Sound is a form of energy that is produced by vibrating bodies. But do we hear sound of every vibrating body? The answer is NO. We have two types of sound- audible sound and inaudible sound. These sounds are categorized on the basis of their frequency ranges.
- Inaudible sound: Human ear cannot detect sound frequencies less than 20 vibrations per second i.e. 20 Hz. So any sound below this frequency will be inaudible sound for humans. In the high-frequency range, the human ear cannot detect frequencies above 20000 vibrations per second (20 KHz). So the frequencies below 20 Hz and above 20 KHz comes under the category of inaudible frequencies. The low-frequency sound which human ear cannot detect are also known as infrasonic sound. Whereas the higher range inaudible frequency are also known as ultrasonic sound.
Some animals like dogs have the ability to hear sounds having frequencies higher than 20 KHz. The police department uses whistles with frequencies higher than 20 KHz so that only dogs can listen to it. Inaudible frequencies are helpful for many purposes. These are used in many fields like research and medical. The ultrasound equipment used for tracking and studying many medical problems works at frequencies above 20 KHz.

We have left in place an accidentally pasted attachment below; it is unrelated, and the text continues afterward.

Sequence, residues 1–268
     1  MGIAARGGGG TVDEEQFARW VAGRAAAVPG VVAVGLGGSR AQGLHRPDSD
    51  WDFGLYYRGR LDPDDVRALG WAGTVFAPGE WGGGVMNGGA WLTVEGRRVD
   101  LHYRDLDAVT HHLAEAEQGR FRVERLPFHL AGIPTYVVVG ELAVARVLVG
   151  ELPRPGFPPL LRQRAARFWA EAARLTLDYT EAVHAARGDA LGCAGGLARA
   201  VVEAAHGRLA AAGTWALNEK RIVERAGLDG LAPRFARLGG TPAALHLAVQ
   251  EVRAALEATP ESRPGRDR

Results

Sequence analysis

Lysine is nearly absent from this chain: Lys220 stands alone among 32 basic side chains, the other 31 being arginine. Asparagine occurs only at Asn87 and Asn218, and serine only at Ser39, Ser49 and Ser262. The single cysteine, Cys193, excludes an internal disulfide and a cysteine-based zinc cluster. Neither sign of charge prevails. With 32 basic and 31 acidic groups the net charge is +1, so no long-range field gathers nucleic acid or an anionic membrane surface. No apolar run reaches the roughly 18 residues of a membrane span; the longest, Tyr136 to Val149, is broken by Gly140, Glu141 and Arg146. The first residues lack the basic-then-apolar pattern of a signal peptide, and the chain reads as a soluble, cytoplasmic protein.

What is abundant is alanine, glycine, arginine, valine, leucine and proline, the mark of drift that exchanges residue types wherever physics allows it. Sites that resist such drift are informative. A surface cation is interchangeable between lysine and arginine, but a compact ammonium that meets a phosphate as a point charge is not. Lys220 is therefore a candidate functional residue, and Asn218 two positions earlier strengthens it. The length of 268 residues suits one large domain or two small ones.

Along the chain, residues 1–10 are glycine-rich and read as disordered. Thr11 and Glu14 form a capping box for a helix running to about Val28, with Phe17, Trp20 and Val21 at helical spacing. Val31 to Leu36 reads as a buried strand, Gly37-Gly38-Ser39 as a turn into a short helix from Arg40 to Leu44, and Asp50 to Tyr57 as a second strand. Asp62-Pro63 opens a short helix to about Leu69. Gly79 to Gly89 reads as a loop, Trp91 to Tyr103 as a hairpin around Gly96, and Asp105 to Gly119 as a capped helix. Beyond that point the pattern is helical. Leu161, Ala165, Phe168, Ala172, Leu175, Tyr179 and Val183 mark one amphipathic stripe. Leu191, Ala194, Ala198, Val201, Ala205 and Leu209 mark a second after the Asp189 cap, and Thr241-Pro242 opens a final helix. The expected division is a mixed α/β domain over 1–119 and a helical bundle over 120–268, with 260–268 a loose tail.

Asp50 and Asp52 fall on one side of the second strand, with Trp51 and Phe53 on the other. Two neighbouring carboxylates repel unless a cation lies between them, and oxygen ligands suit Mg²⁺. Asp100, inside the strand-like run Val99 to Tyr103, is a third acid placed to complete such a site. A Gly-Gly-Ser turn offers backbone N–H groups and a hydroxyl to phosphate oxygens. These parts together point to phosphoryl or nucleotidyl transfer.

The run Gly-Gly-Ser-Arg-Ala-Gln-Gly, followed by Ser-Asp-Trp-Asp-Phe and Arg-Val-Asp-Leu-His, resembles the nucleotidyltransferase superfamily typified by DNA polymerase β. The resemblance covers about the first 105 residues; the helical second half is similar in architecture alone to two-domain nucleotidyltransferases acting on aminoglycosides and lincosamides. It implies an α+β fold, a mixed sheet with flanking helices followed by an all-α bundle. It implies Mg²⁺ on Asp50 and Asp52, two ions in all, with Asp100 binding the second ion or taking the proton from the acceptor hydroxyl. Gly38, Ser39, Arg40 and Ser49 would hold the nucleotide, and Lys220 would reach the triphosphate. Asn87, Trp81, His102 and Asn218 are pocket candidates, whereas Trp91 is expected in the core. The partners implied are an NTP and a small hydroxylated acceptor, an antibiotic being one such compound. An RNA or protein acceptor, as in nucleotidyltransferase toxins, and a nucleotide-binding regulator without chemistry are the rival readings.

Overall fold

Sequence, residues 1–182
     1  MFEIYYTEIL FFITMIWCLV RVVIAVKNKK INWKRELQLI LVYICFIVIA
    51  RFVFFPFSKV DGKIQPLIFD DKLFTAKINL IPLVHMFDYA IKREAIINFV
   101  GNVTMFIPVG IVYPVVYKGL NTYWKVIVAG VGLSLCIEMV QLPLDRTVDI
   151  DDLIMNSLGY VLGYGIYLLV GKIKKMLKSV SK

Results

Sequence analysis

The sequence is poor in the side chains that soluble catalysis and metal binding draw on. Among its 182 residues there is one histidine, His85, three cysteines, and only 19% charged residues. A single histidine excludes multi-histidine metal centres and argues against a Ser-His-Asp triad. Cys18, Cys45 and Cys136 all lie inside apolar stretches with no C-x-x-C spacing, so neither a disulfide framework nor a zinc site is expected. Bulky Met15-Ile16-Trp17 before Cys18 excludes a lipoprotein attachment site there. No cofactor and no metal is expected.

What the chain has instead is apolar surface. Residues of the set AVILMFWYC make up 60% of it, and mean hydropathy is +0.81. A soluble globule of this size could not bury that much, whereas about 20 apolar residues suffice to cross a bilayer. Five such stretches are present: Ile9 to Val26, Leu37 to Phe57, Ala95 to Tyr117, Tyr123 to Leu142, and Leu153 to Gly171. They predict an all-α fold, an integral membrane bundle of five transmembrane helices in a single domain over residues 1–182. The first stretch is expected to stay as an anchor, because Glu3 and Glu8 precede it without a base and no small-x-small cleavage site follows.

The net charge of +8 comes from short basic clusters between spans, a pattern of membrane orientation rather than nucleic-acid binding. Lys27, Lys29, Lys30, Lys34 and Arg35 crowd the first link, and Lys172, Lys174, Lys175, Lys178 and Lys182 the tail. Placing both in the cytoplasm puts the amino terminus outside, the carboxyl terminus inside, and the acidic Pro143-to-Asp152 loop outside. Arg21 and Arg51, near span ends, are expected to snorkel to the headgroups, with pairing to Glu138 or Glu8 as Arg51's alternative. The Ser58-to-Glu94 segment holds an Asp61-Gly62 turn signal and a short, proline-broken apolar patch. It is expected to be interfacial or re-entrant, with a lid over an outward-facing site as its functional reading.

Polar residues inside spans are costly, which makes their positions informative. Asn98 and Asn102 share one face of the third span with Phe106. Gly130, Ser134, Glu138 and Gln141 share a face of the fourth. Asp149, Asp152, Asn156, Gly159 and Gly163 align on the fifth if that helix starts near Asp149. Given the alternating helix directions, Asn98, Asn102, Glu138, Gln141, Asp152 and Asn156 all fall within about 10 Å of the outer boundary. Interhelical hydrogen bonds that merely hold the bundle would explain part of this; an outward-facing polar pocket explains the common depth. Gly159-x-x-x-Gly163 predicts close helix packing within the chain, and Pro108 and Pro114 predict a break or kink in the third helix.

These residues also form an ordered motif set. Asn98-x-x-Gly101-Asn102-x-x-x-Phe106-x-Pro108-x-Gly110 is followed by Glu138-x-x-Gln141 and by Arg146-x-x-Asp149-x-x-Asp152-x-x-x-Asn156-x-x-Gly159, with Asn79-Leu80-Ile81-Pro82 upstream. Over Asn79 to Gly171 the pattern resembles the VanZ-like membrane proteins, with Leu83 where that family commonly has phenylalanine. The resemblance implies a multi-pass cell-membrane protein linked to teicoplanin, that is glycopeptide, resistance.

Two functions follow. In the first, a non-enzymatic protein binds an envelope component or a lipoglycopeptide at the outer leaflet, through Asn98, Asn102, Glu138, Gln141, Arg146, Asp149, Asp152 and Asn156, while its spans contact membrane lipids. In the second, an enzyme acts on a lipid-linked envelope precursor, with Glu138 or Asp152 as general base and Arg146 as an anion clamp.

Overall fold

- Audible sound: Human ear can easily detect frequencies between 20 Hz and 20 KHz. Hence sound waves with frequency ranging from 20 Hz to 20 KHz is known are audible sound. The human ear is sensitive to every minute pressure difference in the air if they are in the audible frequency range. It can detect pressure difference of less than one billionth of atmospheric pressure.
As we grow older and are exposed to sound for longer period of time, our ears get damaged and the upper limit of audible frequencies decreases. For a normal middle aged adult person, the highest frequency which they can hear clearly is 12-14 kilohertz.
So from the above discussion now we know how sound can be differentiated on the basis of frequency range and its application. To know more about sound, download BYJUS- the learning app.